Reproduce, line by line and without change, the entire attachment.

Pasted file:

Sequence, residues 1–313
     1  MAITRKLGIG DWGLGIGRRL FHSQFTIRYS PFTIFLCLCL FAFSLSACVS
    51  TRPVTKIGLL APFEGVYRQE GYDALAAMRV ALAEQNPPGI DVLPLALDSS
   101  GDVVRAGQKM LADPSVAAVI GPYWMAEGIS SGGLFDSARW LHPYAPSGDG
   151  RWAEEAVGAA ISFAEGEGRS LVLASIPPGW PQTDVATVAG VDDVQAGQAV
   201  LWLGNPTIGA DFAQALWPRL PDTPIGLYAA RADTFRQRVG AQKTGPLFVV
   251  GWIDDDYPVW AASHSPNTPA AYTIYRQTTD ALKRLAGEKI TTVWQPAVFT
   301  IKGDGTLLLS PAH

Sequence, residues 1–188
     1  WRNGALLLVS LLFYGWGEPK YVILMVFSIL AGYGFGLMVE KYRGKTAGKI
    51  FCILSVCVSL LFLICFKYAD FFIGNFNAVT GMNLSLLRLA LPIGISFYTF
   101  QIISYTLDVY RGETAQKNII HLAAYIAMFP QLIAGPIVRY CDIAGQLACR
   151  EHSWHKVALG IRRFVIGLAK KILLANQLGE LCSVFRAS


Sequence, residues 1–313
     1  MAITRKLGIG DWGLGIGRRL FHSQFTIRYS PFTIFLCLCL FAFSLSACVS
    51  TRPVTKIGLL APFEGVYRQE GYDALAAMRV ALAEQNPPGI DVLPLALDSS
   101  GDVVRAGQKM LADPSVAAVI GPYWMAEGIS SGGLFDSARW LHPYAPSGDG
   151  RWAEEAVGAA ISFAEGEGRS LVLASIPPGW PQTDVATVAG VDDVQAGQAV
   201  LWLGNPTIGA DFAQALWPRL PDTPIGLYAA RADTFRQRVG AQKTGPLFVV
   251  GWIDDDYPVW AASHSPNTPA AYTIYRQTTD ALKRLAGEKI TTVWQPAVFT
   301  IKGDGTLLLS PAH

Sequence, residues 1–188
     1  WRNGALLLVS LLFYGWGEPK YVILMVFSIL AGYGFGLMVE KYRGKTAGKI
    51  FCILSVCVSL LFLICFKYAD FFIGNFNAVT GMNLSLLRLA LPIGISFYTF
   101  QIISYTLDVY RGETAQKNII HLAAYIAMFP QLIAGPIVRY CDIAGQLACR
   151  EHSWHKVALG IRRFVIGLAK KILLANQLGE LCSVFRAS